To underwrite an investment into establishing a RE training centre in South Africa, in 2012, the GIZ commissioned a study to determine the absolute numbers of various skills that the then-nascent wind energy industry would require.
The research was undertaken by a well-known international consulting firm that postulated a range of jobs numbers needed for the different phases of wind farm development, construction, and operations and maintenance. The numbers derived were encouraging and were part of the justification for a US$10 million investment into the South African Renewable Energy Centre, SARETEC.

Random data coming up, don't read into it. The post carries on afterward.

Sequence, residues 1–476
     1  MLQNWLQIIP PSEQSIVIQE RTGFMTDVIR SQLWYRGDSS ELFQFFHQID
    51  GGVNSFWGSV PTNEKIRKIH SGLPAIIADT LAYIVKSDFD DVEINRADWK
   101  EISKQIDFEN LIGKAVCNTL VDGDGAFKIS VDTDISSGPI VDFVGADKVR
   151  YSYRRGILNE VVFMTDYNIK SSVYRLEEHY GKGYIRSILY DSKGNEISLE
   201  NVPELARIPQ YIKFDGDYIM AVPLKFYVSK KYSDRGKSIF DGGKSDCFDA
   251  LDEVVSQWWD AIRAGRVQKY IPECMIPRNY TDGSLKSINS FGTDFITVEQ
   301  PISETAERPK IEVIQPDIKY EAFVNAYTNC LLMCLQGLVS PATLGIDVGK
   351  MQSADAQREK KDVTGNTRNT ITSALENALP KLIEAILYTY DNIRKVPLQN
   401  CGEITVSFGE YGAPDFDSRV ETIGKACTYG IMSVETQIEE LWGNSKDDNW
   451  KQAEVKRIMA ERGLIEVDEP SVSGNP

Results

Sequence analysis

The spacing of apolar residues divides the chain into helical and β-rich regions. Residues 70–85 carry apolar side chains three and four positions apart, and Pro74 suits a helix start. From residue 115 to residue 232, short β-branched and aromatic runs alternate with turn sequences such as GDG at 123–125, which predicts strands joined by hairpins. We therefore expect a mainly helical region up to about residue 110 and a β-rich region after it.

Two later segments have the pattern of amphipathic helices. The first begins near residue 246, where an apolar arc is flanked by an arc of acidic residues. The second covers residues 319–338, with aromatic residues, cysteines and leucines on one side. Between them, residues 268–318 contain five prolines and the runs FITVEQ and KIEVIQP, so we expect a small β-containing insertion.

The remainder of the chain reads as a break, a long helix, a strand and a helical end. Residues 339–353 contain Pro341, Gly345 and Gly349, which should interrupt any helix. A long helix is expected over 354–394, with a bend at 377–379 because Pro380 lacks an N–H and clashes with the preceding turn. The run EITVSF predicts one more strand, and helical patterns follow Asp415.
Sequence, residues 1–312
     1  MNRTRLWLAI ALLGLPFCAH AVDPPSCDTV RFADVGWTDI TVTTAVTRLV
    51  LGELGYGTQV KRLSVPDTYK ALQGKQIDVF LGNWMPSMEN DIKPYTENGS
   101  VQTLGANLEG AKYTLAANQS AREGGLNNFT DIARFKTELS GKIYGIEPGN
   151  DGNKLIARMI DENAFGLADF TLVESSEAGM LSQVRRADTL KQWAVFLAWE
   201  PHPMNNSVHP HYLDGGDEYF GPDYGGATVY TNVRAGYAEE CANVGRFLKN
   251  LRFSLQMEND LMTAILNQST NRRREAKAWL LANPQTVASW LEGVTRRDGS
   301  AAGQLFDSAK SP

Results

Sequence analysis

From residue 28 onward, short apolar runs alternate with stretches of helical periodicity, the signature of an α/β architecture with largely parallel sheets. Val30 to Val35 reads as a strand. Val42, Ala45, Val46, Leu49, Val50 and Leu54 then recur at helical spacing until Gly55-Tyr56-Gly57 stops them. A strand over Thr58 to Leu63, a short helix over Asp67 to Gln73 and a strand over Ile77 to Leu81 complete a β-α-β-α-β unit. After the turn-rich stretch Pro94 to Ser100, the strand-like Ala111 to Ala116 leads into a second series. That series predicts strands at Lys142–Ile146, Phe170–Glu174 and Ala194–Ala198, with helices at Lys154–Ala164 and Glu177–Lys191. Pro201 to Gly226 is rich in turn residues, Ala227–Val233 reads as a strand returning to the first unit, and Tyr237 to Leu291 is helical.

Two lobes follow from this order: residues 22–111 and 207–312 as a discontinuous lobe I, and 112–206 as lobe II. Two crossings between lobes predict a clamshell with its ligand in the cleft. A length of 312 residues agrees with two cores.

However, there were flaws in the research, particularly around factors that were used as justification to inflate the jobs numbers related to “South African labour market inefficiencies” and that were not based on any factual evidence. In reality, the OEM’s went directly to the “ideal” number of technicians, comparable to the most efficient jobs/MW factors in Europe.
Further, the study did not anticipate that the OEM’s would do most of their own training. The number of turbine technicians predicted to be required by industry at the end of 2017, with an installed capacity of 2300MW, was 655. In reality, AltGen’s research found 215 technicians in the market, servicing 2021 MW, one-third of the predicted number.
This, combined with an uneven rollout of wind energy over the period 2016 – 2018, has meant that SARETEC has been unable to justify training further WTST’s.